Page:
The lightstation was destaffed in 1988 and the island is now uninhabited. One of the three 1960s keeper's dwelling was demolished for salvage in 1989. The other two were abandoned to the elements. After lobbying by the Nova Scotia Lighthouse Preservation Society, the tower was declared a Classified federal heritage building and the Gas House was declared a Recognized heritage building in 1996. Major repairs to the lighthouse followed in 1998 when the lighthouse was reshingled and repainted. In 2003, Hurricane Juan caused major damage to the Gas House. Despite the fact that it is a recognized federal building and donors have offered to assist in repairs, the Canadian Coast Guard has refused to repair the historic building. Many have accused the Canadian Coast Guard of essentially abandoning Canada's oldest lightstation to the elements, despite its historic status and proximity to Halifax. In addition to the unrepaired heritage gas house, the two keeper's dwellings have been left as gutted ruins. In October 2007, after the underwater cable supplying power to the island was damaged, the Canadian Coast Guard turned off the fog horn, ending over 200 years of fog warnings from the island with plans for a solar system with just enough power for the lighthouse beacon. The move triggered a protest move to protect the navigational role and heritage value of the light station. Mariners and heritage groups have petitioned the Coast Guard and the Nova Scotia House of Assembly passed a resolution in November 2007 labeling the neglect of the island as "a careless disregard for the nation's Maritime and its history of responsible government." In the wake of these concerns, an enlarged solar system was installed in the spring of 2008 with enough power to run both the light and a foghorn. The tower was also repainted. On August 16, 2008, the community of Sambro Harbour and the Nova Scotia Lighthouse Preservation Society celebrated the lighthouse's 250th birthday by bringing 150 people to the island for talks and tours. One of the derelict keeper's houses was destroyed by a suspicious fire on September 14, 2008, raising fears about the fate of the other neglected heritage structures on the island such as the Gas House.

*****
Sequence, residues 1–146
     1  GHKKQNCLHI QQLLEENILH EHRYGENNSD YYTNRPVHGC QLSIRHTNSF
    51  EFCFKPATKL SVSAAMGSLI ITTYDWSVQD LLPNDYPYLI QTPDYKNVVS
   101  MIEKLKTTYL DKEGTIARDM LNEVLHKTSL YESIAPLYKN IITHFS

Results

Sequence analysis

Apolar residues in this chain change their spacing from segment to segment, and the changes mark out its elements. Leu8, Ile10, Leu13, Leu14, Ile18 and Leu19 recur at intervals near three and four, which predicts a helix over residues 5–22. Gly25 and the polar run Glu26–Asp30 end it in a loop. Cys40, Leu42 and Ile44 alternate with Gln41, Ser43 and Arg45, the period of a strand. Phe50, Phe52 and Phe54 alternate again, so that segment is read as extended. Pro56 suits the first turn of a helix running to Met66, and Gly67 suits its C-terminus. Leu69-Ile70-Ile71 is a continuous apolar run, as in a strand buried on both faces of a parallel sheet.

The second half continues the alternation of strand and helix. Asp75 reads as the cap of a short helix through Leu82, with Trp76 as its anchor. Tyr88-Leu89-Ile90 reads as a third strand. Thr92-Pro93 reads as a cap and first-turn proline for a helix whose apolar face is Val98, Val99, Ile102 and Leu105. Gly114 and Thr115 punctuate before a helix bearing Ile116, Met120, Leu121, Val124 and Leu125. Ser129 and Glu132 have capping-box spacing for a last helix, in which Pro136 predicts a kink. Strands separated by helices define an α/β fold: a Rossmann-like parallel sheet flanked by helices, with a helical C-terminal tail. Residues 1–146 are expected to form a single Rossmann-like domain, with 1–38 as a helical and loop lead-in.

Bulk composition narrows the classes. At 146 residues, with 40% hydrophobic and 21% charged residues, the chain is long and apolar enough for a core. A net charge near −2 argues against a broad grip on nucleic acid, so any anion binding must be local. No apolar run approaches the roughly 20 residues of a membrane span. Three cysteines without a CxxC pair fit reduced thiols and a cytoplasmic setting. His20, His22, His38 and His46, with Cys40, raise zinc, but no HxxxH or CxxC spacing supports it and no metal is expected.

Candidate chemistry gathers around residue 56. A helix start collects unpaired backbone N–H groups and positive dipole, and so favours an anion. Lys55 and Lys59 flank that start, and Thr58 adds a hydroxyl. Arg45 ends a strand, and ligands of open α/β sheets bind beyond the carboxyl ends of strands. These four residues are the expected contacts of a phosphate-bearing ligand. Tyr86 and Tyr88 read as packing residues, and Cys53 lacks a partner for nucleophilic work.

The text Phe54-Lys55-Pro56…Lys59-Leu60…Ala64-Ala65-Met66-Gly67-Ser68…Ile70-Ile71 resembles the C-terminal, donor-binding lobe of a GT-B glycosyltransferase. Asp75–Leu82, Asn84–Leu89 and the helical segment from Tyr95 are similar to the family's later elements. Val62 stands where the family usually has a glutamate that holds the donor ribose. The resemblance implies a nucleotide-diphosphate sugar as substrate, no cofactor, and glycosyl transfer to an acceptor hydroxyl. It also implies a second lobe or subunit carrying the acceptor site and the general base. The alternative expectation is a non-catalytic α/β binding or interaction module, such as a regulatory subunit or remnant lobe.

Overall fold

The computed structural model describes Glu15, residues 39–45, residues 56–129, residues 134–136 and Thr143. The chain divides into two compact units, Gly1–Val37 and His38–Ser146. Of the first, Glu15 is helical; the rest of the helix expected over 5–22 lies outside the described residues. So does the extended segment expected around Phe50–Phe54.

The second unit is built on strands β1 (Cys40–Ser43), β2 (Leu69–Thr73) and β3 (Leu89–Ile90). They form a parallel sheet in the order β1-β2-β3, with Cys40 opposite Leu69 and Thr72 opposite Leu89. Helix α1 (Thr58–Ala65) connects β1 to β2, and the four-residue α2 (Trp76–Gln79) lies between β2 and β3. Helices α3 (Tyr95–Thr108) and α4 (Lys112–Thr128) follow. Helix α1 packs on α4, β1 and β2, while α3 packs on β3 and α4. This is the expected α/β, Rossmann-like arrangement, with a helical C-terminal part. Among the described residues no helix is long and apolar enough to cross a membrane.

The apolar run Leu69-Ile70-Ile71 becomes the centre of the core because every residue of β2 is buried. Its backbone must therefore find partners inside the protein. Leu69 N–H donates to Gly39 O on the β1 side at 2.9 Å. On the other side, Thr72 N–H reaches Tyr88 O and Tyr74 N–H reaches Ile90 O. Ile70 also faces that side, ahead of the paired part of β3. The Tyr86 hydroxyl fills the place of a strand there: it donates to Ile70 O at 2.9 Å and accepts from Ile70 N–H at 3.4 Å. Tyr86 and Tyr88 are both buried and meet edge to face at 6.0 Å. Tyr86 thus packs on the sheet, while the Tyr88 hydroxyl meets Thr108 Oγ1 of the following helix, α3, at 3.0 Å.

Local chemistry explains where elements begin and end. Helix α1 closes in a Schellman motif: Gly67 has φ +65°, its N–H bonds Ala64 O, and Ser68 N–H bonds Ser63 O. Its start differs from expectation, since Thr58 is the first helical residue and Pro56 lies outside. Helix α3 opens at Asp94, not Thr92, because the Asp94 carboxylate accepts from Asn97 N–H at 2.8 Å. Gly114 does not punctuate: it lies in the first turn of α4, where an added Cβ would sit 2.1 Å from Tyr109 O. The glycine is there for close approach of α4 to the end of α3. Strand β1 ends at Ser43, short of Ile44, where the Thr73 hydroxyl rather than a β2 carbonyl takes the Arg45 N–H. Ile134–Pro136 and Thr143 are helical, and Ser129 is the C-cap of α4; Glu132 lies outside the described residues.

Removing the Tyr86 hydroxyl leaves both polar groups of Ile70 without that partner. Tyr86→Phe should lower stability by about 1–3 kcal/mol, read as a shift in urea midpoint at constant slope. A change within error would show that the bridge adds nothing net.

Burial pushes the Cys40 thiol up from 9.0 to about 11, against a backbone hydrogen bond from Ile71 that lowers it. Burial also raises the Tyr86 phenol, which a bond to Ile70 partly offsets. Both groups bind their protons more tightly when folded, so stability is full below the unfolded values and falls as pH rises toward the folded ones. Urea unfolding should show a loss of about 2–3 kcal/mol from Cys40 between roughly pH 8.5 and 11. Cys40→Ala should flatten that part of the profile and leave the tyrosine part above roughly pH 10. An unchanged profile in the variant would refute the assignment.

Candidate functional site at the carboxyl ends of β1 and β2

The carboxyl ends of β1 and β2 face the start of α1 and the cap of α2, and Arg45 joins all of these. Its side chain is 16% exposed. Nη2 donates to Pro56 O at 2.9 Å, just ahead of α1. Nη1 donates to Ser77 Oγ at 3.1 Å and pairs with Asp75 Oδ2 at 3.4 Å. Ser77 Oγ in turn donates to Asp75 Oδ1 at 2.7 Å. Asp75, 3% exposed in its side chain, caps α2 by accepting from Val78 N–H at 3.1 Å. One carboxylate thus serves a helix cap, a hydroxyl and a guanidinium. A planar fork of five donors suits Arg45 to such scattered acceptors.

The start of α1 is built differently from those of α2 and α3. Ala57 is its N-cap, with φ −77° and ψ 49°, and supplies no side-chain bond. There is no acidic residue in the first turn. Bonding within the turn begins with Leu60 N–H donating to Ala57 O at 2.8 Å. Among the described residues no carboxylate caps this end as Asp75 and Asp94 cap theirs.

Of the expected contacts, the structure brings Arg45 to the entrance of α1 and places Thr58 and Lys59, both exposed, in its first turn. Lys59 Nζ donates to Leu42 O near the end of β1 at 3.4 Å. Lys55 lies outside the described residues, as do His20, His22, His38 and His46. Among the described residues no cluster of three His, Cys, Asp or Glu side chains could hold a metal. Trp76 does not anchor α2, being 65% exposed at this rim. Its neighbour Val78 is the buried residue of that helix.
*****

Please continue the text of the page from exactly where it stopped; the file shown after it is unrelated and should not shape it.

The Site

The lighthouse is located at the summit of the half kilometre square Sambro Island. It is located on the western approaches to Halifax Harbour, about 6 kilometres southeast of Sambro Harbour. It is surrounded by a maze of dangerous shoals. The lighthouse and island are owned and maintained by the Canadian Coast Guard. In addition to the 18th century stone tower, the light station includes the endangered 19th century wooden building known as the Gas House as well as a fog horn shed which is in poor condition. Ruins on the island include the basement of one abandoned keeper's house, the burned out ruins of another and a partially dismantled keeper's dwelling, all from the 1960s. Several cannons used as fog signals can be found near the tower. A narrow sheltered cove runs into the centre of the island. The island is granite, covered by a thin layer of topsoil.

A unique geological formation, an intrusion dike, called "The Devil's Staircase" can be seen near the lighthouse. The massive First Order Fresnel Lens used at the lighthouse until 1968 can be seen at the Maritime Museum of the Atlantic in Halifax. Good views of the site are obtained from Crystal Crescent Beach and Sandy Cove near Ketch Harbour. The Canadian Coast Guard has discouraged regular tours of the island, but in 2008 and 2009 the Nova Scotia Lighthouse Preservation Society and the community of Sambro offered one day open house tours of the island and a charter company run by a semi-retired local fisherman in Sambro Head began in 2008 to offer visits to the island by appointment.


The Sambro lighthouse was declared a National Historic Site in 1937, marked by a plaque and cairn mounted beside the United Church in nearby Sambro Harbour. A $20 silver coin featuring the lighthouse was issued in 2004 by the Royal Canadian Mint. Canada Post announced a permanent stamp honouring the Sambro lighthouse in December 2007.